Life is busy, with lots of things going on. I'm off to a market on 7th July, so the kitchen table has not been seen for a few weeks! I'd read about The Hottie Project on Lisa's blog, which is all about making hot water bottle covers to keep children in Christchurch snuggly and warm this winter. Having spent about seven winters myself in Christchurch, I know it can get a bit cold, and add into the mix houses that have still not been fixed since the earthquakes, I know its a bit of a miserable time for some people. So hopefully my hottie cover will cheer someone up this winter.

I wanted to make a unisex cover, so chose a lovely soft gray jumper that I'd felted.  I'd never made a hottie cover before, but it really is quite easy with Lisa's template, or using a hottie as a guide.

We use wheat bags to warm our beds, which are heated in the microwave with a glass of water (a very important detail). No electric blankets around here! I love my wheat bags - yes I need three strategically placed about my person, and in the morning, if I haven't kicked them out, they are still warm. Here are some I made last year from a flanalette pillowcase.

When I'd finished the hottie cover there was enough left overs to make a pencil case. I've been making them like this for a year now, but felt like a change, so the rest I've made have different faces. It's more work, so I might have to put the price up slightly, it's so hard to calculate how long each one takes, I'm sure I have a very low hourly rate! 

I had to find time to finish off a small painting (A4 size) which is a donation to the Suter Art Gallery's redevelopment fundraiser. I did the background at art group, but it took me a few days to work out where to from there.  In the end I masked off the shapes and used white oilstick on the background. I've titled it "Glimpses", and have now got some other ideas for larger paintings.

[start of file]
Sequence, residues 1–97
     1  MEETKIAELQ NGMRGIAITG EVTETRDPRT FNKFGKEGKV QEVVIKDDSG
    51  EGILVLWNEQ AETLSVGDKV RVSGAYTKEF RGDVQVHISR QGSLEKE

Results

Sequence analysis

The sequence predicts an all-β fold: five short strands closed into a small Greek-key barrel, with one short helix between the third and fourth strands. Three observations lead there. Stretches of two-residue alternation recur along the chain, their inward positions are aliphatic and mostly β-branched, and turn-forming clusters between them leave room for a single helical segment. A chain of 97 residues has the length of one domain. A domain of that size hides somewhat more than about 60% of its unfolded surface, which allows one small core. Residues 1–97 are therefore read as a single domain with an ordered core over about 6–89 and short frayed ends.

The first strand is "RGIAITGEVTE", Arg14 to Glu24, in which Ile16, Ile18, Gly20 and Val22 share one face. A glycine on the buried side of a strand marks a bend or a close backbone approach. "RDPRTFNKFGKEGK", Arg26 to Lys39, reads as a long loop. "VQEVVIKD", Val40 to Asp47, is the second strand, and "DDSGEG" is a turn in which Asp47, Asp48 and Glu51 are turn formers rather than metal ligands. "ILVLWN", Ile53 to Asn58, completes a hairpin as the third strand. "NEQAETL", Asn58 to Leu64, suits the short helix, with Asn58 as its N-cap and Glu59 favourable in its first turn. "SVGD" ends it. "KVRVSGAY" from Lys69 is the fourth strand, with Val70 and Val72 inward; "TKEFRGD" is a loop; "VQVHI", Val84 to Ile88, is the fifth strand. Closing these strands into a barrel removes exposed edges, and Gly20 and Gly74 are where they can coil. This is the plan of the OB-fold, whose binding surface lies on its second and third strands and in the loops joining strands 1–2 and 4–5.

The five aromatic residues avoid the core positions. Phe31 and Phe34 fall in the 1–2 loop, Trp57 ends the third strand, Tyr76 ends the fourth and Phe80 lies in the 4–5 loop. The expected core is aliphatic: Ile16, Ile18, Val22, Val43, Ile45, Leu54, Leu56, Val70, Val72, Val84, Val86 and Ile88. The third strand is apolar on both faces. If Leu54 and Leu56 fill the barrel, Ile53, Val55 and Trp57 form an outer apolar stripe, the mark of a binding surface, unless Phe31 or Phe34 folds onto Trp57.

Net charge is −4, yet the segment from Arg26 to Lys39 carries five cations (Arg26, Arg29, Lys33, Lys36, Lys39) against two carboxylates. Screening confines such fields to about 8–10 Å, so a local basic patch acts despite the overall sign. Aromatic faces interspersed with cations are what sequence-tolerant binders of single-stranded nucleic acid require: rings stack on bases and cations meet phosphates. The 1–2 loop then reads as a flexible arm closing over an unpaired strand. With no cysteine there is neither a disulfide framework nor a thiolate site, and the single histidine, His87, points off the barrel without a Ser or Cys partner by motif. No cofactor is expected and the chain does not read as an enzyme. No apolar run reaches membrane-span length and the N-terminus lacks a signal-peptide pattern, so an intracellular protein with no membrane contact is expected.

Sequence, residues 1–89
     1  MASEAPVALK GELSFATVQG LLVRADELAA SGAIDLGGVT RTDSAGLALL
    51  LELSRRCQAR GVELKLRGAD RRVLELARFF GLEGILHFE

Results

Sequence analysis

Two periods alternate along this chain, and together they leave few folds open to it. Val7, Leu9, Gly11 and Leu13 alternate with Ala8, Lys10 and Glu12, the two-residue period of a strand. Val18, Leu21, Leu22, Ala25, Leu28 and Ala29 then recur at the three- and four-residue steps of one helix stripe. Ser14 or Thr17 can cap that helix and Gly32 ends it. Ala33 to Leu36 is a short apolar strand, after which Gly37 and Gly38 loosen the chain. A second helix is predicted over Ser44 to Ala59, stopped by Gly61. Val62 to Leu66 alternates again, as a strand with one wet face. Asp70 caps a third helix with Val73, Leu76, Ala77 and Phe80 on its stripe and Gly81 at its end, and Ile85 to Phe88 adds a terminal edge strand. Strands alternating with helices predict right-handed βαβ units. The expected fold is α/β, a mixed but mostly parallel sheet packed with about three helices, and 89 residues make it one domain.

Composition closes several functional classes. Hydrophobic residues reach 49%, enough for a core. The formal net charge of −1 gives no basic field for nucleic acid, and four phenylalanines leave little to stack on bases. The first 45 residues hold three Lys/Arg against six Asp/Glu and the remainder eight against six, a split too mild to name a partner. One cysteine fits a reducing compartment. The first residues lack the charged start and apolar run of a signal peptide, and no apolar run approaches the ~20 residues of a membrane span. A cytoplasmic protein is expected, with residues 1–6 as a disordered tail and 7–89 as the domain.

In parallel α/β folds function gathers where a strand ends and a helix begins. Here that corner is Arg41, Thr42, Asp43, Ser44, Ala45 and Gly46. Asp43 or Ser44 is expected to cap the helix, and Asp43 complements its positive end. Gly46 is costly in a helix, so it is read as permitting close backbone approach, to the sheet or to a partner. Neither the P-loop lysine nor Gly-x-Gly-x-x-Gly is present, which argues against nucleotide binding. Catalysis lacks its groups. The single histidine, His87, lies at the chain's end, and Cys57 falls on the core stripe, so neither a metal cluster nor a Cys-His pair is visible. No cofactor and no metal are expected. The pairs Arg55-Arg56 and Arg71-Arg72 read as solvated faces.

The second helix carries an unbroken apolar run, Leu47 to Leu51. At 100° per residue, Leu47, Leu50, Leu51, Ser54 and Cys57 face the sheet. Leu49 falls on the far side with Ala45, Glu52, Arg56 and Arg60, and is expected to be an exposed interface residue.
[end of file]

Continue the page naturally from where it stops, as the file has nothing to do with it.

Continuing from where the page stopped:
There are quite a few other things going on in "life" which I'll not bore you with. Before I knew how busy this month was going to be I signed up for the 100 Days Project, where I'm doing a quick Sharpie drawing every day.  Seven days done, 93 to go! Some days I've found it easy, and others are harder, it's definitely a challenge!  Here is Day 1's drawing. If you want to check out the others take a peek here.

While on the theme of 100 - this is my 100th blog post. I've actually been putting off writing it, as thought I should make more of a song and dance about such a milestone and hold a giveaway (like proper bloggers do!). But I haven't quite got myself that organised - yet! I would like to thank my faithful followers and especially those of you who write comments. Comments are great - I appreciate them so much, if I was a better blogger I'd reply individually to you all, but I'm not, so sorry about that.

I'll leave you with a sunrise, we've been having some crackers lately, and heading towards the shortest day of the year I don't even have to get up early to appreciate them. Excuse the power lines but I was in my pjs and slippers and wasn't venturing off the deck to get the perfect shot!